Numerica, the aim-listed accountancy group, yesterday confirmed that it was in talks with its bigger rival, BDO Stoy Hayward, regarding a possible offer for the company following weekend press speculation.
A merger between the two would create the UK's fifth-largest accounting group and according to Numerica's chief executive, Tony Sarin, would represent a "progression to the next level" for the company, adding that it was "strategically possibly the right thing for us to do".
It is understood that the price of any offer would be about 65p per share, valuing Numerica at approximately £35m. This would net Mr Sarin in the region of £750,000 for his 2.2 per cent stake in the company.
Numerica shares originally listed in October 2001 at 100p and reached 119.5p in mid-2002 but dropped as low as 36.5p earlier this month as the company suffered from what Mr Sarin calls "the benign and flat economy", which has affected demand for its advisory and business recovery services.
The company issued a profits warning in September, saying that it anticipated making a small loss for the traditionally quieter first half to September 30 in "challenging" business conditions. However, "things are picking up" now, according to Mr Sarin.
Mr Sarin said that he expected to join any combined entity although he added that an"element of rationalisation" was a likely result of any takeover.
Stoy Hayward has more than 200 partners while Numerica has about 50 partner-equivalents. Andrew Shepherd-Barron, an analyst at KBC Peel Hunt, said the move by Stoy Hayward was "opportunistic" and added that the businesses were "fairly culturally compatible". Mr Shepherd-Baron also said that a full takeover price "would be 65-85p per share on the basis of 80-100 per cent of turnover" and did not rule out the emergence of a competing offer. "Numerica's underlying businesses are performing well in a tough marketplace," he added. He, too, felt that some "central costs would have to go" in any merger.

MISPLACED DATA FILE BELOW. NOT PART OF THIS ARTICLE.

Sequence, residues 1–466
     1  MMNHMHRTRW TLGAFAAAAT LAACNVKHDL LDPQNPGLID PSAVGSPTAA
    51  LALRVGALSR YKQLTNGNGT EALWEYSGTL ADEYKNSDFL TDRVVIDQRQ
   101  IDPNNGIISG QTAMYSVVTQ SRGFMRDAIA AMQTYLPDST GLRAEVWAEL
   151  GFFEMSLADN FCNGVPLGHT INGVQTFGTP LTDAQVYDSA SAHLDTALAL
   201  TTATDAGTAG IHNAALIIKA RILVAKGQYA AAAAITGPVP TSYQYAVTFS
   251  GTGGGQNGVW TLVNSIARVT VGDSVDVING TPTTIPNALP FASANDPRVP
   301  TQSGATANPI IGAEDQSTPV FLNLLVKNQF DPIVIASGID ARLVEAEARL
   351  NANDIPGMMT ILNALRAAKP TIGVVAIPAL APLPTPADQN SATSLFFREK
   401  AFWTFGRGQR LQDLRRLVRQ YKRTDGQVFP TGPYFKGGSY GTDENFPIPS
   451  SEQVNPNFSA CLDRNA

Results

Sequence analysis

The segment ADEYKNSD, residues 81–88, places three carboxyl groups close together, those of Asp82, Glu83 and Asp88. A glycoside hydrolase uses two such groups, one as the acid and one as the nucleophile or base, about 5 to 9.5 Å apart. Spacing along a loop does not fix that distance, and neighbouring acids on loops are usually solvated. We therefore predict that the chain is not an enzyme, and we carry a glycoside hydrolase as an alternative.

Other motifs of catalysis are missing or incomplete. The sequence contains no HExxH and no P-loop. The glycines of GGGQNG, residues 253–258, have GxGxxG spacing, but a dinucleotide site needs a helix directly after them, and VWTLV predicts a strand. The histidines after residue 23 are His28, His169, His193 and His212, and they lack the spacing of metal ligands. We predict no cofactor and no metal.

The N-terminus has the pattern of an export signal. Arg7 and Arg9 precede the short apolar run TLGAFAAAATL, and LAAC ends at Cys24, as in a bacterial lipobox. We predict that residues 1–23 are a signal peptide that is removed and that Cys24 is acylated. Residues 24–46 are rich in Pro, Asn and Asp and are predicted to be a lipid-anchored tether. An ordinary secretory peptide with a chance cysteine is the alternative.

Numerica has made nine acquisitions since becoming the second accountancy-based business to list on the Stock Exchange, after Tenon in 2000, with the strategy of "integrating profitable entrepreneurial accountancy practices and other specialised service businesses".
In recent times the company has been at the centre of a row between its house broker Collins Stewart and one of the broker's former analysts, James Middleweek, after the analyst alleged he had been pressured by his employers not to write anything negative about Numerica. Mr Sarin said Numerica had supported Collins Stewart throughout the furore, adding that Numerica had "hit our numbers in the time period that he [Mr Middleweek] was covering".